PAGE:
04/12/2012 05:40 EDT | Updated 06/12/2012 05:12 EDT

Ask A Realtor: Making an Offer on a "Hot" Property

In a seller's market, many "hot" properties come on the market and often with holdback offers. These homes are usually newly renovated, nicely decorated and have many features that buyers want. How can you get this house?

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Q. What is the best strategy for bidding on a property that will likely get multiple offers?

In a seller's market, many "hot" properties come on the market and often with holdback offers. These homes are usually newly renovated, nicely decorated and have many features that buyers want. A "hot" property can also be a fabulous water front condo, a bungalow on a wide lot, a ravine property. There are many different versions of "hot!"

The property is listed with a holdback offer date at a specific time, one evening at the beginning of the next week. This comes after an open house for agents on the day the listing comes out and open houses for the public both days on the weekend. There may be a pre-listing home inspection available to buyers and their agents.

So, how can you get this house?

See the property on an appointment with your agent and have a second appointment with the rest of your family later in the week. Discuss with your agent comparable recent sales of houses in the area and specifically on this particular street. With condos also get comparable sales.

Make sure that you have been approved by your lender for the amount of mortgage that you may need. If you have a property to sell make sure that you qualify for bridge financing if the closing of the new house and your current house do not coincide. You should also discuss the applicable closing costs.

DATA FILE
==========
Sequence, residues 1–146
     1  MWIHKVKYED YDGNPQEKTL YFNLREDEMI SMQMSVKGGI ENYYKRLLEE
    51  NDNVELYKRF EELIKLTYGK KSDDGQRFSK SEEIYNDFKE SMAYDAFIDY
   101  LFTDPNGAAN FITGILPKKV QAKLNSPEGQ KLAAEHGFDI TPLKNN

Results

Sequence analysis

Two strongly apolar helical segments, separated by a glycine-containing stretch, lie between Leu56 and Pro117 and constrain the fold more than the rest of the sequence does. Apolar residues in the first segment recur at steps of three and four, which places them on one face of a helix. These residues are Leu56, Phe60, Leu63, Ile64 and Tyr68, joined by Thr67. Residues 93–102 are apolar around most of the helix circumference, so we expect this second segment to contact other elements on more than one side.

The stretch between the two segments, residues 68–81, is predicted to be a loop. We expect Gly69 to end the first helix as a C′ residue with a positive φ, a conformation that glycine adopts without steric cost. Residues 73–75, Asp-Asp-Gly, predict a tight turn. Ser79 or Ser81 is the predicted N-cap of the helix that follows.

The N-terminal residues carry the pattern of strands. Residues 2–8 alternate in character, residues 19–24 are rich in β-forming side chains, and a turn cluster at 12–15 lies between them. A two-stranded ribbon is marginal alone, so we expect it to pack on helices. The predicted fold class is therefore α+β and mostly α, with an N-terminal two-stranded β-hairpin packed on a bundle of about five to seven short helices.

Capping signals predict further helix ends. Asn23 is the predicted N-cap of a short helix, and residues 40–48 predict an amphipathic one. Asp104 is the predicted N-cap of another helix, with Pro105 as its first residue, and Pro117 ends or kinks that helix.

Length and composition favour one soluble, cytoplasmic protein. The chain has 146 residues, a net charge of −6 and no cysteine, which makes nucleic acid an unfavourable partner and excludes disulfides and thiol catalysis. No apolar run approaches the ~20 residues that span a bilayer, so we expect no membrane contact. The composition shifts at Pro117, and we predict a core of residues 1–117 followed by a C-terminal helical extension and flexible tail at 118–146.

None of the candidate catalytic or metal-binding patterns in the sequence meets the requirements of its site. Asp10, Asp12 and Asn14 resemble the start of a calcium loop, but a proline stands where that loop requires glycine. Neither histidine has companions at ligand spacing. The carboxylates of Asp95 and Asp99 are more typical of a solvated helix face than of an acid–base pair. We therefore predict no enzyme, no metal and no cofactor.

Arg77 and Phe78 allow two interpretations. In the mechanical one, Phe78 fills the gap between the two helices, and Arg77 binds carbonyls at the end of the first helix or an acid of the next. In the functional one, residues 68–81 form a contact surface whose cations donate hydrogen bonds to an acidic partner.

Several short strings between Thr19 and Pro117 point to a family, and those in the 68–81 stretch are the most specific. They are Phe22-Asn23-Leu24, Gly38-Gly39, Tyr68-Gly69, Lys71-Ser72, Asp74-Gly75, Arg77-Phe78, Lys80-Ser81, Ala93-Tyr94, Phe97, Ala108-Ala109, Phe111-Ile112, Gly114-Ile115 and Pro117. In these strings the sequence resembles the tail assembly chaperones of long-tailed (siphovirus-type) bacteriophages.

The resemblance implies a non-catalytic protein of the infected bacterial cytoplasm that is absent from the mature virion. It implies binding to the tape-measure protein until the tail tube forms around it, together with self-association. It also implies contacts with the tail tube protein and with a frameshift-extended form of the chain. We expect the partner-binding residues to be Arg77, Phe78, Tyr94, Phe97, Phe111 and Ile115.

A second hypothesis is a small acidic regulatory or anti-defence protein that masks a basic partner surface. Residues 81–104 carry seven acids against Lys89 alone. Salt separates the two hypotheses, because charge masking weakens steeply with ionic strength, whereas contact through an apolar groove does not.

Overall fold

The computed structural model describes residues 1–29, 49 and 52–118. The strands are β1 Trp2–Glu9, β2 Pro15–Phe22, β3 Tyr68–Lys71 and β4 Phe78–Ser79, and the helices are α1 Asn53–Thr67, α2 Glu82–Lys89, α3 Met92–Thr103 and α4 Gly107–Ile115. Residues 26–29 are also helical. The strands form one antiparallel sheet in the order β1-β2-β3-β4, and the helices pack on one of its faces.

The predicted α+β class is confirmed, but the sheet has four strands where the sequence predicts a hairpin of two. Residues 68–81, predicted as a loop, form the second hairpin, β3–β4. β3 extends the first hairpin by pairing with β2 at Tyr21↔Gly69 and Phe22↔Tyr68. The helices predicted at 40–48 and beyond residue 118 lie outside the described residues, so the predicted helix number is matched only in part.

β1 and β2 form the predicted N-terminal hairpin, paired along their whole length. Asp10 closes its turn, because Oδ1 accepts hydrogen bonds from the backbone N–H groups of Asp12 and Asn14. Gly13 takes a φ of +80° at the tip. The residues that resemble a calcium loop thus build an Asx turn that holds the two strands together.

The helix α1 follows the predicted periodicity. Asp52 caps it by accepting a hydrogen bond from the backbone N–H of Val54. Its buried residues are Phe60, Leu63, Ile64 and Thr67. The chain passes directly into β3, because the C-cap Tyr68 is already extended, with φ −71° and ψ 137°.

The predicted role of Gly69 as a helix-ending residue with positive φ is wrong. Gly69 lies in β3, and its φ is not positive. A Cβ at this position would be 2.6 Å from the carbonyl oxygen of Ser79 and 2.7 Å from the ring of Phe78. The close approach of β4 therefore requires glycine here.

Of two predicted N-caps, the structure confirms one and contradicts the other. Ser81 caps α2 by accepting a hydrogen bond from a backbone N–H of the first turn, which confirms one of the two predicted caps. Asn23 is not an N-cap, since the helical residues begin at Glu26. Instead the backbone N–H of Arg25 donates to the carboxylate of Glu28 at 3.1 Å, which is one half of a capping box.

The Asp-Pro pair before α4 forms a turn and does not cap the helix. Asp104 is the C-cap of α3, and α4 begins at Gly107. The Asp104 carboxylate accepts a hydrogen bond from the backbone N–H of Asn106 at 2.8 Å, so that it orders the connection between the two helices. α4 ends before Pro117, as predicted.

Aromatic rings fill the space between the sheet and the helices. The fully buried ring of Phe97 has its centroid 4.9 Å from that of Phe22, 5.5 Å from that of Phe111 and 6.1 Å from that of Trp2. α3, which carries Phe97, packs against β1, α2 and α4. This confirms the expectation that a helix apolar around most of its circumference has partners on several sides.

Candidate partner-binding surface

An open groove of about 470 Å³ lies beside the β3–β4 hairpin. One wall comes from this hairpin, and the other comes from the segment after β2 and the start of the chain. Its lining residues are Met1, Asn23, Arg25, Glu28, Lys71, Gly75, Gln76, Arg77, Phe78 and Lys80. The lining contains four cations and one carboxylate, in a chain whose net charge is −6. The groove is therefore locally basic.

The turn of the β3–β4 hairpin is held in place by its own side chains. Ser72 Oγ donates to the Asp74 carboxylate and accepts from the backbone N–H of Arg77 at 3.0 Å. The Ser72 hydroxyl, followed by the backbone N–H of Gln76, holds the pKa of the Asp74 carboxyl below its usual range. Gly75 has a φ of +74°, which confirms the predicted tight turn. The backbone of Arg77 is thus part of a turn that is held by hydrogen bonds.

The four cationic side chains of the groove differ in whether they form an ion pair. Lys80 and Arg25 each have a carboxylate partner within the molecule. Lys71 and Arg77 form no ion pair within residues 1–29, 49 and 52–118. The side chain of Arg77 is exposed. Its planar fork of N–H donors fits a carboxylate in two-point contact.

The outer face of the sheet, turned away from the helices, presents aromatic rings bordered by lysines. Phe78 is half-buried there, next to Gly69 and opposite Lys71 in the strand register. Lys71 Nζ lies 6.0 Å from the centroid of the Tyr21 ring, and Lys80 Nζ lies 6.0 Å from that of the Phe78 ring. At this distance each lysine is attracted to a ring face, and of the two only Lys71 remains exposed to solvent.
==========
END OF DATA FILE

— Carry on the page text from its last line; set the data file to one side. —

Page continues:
Read the home inspection if there is one available and discuss with your agent. Have any questions answered by the owner through their agent. If there is no home inspection, book one with a home inspector of your choice before the offer date.

If the property is a house, ask to see the survey and discuss with your agent. If not you will want to get title insurance. Your lawyer is a good person to speak with about this.

You will probably be asked for a bank draft of five per cent of the purchase price to accompany your offer. Arrange to have this ahead of time and by the offer date. Make it out to the listing broker in trust. On the day of offers, if they are to be presented at 7 p.m. that evening, you will meet with your agent to sign the offer sometime in the afternoon. At that point give your agent the bank draft regarding the deposit.

Your agent will be communicating with the listing agent to see if they expect multiple offers. By 5 p.m. you will have a better idea if you are alone in making an offer or if there are others. Once you know there are multiple offers, your offer is unconditional as you have your financing and you've done a home inspection. Price and closing date are now the two most important factors. You will want to give the seller the closing date that they ask for and go in over asking price if there is more than one offer.

Regarding price and how much to go over asking, you should only go as high as you are comfortable and you should discuss with your agent what your top price is. Also what is the top price at which the house will most likely appraise with a lending institution.

What the house sells for depends on many factors. What is the perceived top price for this property compared to recent sales of similar properties? How many offers are on the table? If there are two or three offers the process is fairly straight forward and the best price and the seller's closing date usually take the day. If there are four to six offers you usually have to come in at a higher price to stay in the bid to get this property and the seller may decide to just "work" with the two best offers.

Multiple offers range from two to 18 per cent over asking in a very brisk market. Six to 10 per cent is usually an average percentage over asking price.